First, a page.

Published in KPBS On Air Magazine November 1996
Dennis Kelly was born to be Joe Boyd. Both the real and the fictional characters grew up loving loser baseball teams. Boyd, the middle-aged fan of the fictional Washington Senators, sells his soul to the Devil to become the world’s greatest ballplayer and defeat those “Damn Yankees”.
Kelly, a Cubs fan who still lives in Chicago, says “I could really identify, at the sports level — loving a team in the gutter — and at the desire level — wanting your team to win and wanting to be young again.” He stops for a hearty laugh. “I think that’s why I got the job.”
Not only did he get the job, but he kept it. He played Joe Boyd in Jack O’Brien’s acclaimed 1994 Old Globe revival of the 1955 Adler-Ross-Abbott musical smash-hit, “Damn Yankees”. Then, he went to Broadway with the show, and stayed on through the national tour, which, after 46 weeks and 38 cities, makes its first hometown return (November 5-10 at the Civic Theatre).
It’s a homecoming for Kelly, too. He played his first Little League game in San Diego. He saw his first movie here (a John Wayne double bill at the Rio Theatre in North Park). He attended Garfield Elementary School, and lived here for about four years in the early 1950s.
“I have very fond memories of San Diego,” Kelly says wistfully. When he spent four months here with the premiere of “Damn Yankees”, he re-visited the cliffs of Point Loma, and the schoolyard at Garfield, where the grass was replaced by blacktop but the same old merry-go-round was still there.
Both his parents were ordained ministers; Kelly, Sr., had his first church on El Cajon Boulevard. “He had a gorgeous voice,” recalls Kelly, who dedicates all his performances on tour to his late father. “My parents used to do a Sunday night radio program for the church.”
Immediately after high school, Dennis went into show business. “There’s very little difference between the two,” he says, comparing his parents’ work with his. “It’s amazing how many PK’s — Preacher’s Kids — there are in this business.”
After 33 years in the business, he made his Broadway debut in “Damn Yankees” — at age 52. That’s a lot younger than Jerry Lewis, the current star of the show, who had to wait till he was 70 to make it to the Great White Way. “It was a dream for him,” says Kelly of Lewis. “His father, a vaudevillian, had always told him, ‘You ain’t done it all till you’ve done Broadway.’ He was like a kid in a toy shop.”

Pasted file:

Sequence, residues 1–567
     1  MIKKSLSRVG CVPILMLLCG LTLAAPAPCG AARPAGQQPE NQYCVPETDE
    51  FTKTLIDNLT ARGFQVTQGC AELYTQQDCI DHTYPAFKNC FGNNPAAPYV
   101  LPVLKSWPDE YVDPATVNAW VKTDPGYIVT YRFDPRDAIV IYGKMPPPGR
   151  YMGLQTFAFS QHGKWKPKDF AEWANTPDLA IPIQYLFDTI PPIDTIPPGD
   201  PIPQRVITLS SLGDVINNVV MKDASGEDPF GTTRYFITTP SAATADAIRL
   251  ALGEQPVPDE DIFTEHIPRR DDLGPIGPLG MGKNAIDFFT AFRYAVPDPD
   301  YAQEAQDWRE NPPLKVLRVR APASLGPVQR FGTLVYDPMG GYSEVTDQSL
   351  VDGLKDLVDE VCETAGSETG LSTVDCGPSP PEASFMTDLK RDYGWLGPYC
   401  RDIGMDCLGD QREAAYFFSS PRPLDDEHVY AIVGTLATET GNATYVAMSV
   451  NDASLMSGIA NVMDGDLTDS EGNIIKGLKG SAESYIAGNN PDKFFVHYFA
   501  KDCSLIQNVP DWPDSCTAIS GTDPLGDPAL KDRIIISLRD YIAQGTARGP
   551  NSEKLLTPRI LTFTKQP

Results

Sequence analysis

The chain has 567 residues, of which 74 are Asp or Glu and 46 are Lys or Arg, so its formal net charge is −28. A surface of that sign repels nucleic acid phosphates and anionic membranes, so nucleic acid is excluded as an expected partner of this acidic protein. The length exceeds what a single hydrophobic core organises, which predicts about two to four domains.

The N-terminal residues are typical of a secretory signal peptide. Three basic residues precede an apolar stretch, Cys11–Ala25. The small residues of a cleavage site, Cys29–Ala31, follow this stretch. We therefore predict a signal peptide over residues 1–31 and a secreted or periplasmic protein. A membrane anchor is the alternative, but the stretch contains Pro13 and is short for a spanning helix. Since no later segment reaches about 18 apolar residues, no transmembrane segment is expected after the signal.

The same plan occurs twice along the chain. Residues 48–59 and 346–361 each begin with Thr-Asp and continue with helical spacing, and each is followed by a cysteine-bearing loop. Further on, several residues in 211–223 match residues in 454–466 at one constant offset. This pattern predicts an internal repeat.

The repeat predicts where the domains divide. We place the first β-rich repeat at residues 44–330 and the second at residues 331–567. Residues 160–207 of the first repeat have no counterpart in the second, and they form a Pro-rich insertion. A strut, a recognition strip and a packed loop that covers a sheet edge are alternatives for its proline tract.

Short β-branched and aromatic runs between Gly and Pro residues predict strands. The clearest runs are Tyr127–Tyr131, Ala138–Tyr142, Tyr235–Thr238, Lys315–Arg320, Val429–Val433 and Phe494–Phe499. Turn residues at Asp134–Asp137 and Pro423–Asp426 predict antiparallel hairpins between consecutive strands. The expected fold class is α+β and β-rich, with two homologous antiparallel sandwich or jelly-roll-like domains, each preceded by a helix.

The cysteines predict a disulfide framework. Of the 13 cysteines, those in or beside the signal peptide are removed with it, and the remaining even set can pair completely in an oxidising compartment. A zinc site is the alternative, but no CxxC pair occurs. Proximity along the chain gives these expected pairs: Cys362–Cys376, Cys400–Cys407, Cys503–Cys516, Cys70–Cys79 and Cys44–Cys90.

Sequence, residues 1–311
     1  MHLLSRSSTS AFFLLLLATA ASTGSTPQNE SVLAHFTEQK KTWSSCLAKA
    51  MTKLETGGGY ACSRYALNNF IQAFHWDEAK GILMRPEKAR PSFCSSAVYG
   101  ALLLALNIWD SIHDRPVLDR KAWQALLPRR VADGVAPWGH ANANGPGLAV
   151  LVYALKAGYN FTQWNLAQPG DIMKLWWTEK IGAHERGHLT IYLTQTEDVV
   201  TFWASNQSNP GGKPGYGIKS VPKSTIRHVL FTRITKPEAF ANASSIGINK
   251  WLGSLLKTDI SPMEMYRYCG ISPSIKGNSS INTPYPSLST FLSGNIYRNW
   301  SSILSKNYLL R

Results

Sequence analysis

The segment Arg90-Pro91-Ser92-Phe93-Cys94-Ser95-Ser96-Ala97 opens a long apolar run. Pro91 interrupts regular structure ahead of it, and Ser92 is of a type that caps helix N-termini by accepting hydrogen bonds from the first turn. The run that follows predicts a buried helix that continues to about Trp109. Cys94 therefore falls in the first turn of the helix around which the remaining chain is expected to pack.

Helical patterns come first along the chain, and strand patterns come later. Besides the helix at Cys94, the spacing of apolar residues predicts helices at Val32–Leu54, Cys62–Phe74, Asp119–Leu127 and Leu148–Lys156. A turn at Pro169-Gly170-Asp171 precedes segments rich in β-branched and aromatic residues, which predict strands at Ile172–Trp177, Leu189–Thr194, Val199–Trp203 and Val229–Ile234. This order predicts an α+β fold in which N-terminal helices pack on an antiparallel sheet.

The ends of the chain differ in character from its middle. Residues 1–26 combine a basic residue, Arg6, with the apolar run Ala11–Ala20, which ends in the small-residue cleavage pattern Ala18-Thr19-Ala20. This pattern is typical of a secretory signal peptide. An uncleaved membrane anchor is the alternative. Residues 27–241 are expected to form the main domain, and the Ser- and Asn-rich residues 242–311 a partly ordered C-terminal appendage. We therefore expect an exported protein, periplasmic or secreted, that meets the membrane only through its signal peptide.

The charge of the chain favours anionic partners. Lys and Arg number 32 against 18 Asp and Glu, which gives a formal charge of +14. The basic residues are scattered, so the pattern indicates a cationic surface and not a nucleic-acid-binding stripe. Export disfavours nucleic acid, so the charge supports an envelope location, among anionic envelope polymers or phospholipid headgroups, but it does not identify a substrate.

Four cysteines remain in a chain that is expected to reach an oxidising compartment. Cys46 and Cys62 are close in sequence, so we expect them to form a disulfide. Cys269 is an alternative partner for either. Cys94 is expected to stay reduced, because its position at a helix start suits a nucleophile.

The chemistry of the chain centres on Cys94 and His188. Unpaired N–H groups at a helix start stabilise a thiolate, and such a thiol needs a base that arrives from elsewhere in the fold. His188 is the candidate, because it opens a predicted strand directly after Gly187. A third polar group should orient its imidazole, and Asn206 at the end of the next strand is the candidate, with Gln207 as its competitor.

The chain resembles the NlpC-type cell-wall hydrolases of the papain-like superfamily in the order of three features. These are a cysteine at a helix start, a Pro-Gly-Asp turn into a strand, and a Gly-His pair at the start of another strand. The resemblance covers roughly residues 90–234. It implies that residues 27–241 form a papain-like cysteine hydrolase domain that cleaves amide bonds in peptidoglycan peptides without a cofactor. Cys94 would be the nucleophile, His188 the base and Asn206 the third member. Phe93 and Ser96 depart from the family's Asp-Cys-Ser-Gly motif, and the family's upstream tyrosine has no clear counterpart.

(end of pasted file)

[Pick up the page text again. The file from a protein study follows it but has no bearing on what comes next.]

According to Kelly, he still is. Even after a year, Lewis “keeps it fun. When the curtain comes down every night — and we get a standing ovation every single performance — everyone feels so good. We all hug each other and go home happy. You don’t see that that often. There are often glum faces, people shuffle off, thinking, ‘Oh boy, I gotta do this again tomorrow.’ That’s one of the reasons I stayed so long [with this show]. It’s fun and it’s funny.”
It was funny before, too, when it first opened in San Diego, with the Devil played by Victor Garber (who recently returned to the Old Globe to play Macbeth). Funny, but different.
“Victor is a consummate actor. His energy was very high, but his focus, rhythm and pace were different. Victor’s pace was much faster, and his focus was on acting. Jerry’s like a genius with rhythm. He won’t allow the same pace or rhythm [for any stretch of time]. He starts off slow, so everyone gets all the information about the deal and the escape clause and everything, and in the second act he really cuts loose. When he sings “Those Were the Good Old Days,” he does a little step-out in the middle. And that’s perfect; the Devil would like to be a vaudeville performer… Things were probably a bit more serious with Victor. They’re probably more fun now.
“The difference between Victor and Jerry is one’s a comedian, who says funny things, and the others a comic, who thinks and acts funny. Jerry is a very physical comic. Sometimes it’s hard to do a scene with him. I’ll start laughing. If I let him see me enjoy it, he’ll start to laugh…. How lucky I am, being paid well for doing something I adore doing. It puts breath in my lungs.”
The show’s dramatic premise has become a reality for Kelly. “Going to Broadway gave me a chance to realize a dream I’d given up on. It’s given me a younger feeling. Sometimes I forget I’m not 25… When I was in New York, I wanted to play in the Theatre [softball] League. But I was so out of shape, I was afraid of pulling a muscle and having to stay out of the show.”
Now he plans to spend another year with the tour (there’s talk of Europe and/or Australia), and then try to get back to Broadway. But he’d definitely stay on if the proposed HBO movie of the show comes to fruition. “[Actor] George Hearn told me the only way to make money in this business is to stay with a show as long as you can. I think it was good advice.”
©1996 Patté Productions Inc.